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The Black Count

Glory, Revolution, Betrayal, and the Real Count of Monte Cristo

Reiss, Tom

(Book - 2012)
Average Rating: 3.5 stars out of 5.
The Black Count
Print
Explores the life and career of Thomas Alexandre Dumas, a man almost unknown today, but whose swashbuckling exploits appear in The three musketeers and whose trials and triumphs inspired The count of Monte Cristo.
Publisher: New York : Crown Pub., c2012
Edition: 1st ed
ISBN: 9780307382467
030738246X
9780307382474
Characteristics: 414 p. : map ; 25 cm

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March 13th meeting


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Jun 24, 2013
  • PennPal rated this: 4 stars out of 5.

Wonderful read
Words, pages, thoughts flowed past
Filled in aspects of French history, social history and art that somehow I had missed, forgotten or never really understood.
Great story at the same time

Jun 20, 2013
  • Dejascribe rated this: 5 stars out of 5.

A wonderfully written look at the little known history behind the Count of Monte Cristo author and his larger than life father/hero.

Nov 30, 2012
  • adagarcon rated this: 4.5 stars out of 5.

"So often when one has discusses Dumas "pere" & "fils", the conversation seldom segues into the realm of their progenitor. That's why Reiss' "Black Count" is a nice respite from the normal conversational ebbs and flows. Make no mistake, this is book does not rehash of the Count of Monte Cristo. However, it is a detailed biographical account of the life and times of Alexandre Davy Dumas. Romantics, will delight in the series of intimate letters exchanged between the Dumas and his wife. After finising the book, the exchanges still managed to stand out in my mind and quite possibly hint where Davy Dumas' future bloodline recieved their litteral footnotes. Also, History Buffs take hold.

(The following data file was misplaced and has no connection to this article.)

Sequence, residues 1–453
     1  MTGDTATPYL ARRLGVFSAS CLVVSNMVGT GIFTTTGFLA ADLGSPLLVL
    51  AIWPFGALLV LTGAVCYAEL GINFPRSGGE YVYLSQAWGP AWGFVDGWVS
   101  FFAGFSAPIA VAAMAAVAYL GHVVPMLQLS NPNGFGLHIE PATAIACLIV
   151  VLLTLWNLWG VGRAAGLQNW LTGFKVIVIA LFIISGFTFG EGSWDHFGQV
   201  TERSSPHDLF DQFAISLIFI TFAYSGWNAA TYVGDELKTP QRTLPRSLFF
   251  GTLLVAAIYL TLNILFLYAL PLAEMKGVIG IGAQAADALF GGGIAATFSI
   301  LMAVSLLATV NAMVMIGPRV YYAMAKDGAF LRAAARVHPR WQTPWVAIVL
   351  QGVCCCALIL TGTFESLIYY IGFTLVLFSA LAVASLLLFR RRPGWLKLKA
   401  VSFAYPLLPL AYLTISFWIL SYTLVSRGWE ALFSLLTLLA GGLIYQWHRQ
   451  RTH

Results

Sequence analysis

"If you've ever wondered where the 19th-century French novelist Alexandre Dumas learned to swashbuckle, biographer Tom Reiss has the answer in The Black Count. The novelist's father, known as Alex, was born in 1762 on the island of Santo Domingo to a black slave and a French aristocrat, who later brought his son to France. Alex rose through the ranks in the French Army and eventually served in Napoleon's Egyptian campaign. However, he was captured by enemies, languished in prison, and died before his son was four. Alexandre idolized his father and used parts of his life's story in his novels, including The Count of Monte Cristo." Biography and Memoir Newsletter November 2012 http://www.nextreads.com/Display2.aspx?SID=5acc8fc1-4e91-4ebe-906d-f8fc5e82a8e0&N=571059

Oct 12, 2012
  • BertBailey rated this: 5 stars out of 5.

This review (http://www.literaryreview.co.uk/keates_09_12.php) gives it a 5-star rating, fwtw.

Oct 05, 2012
  • dontbugmeimreading rated this: 1 stars out of 5.

I love the Count of Monte Cristo so I thought that this would be a good read. I was disappointed. This book was so dry I couldn't make it past chapter 2. I think I got a condensed version of the book from the 2 prologues.

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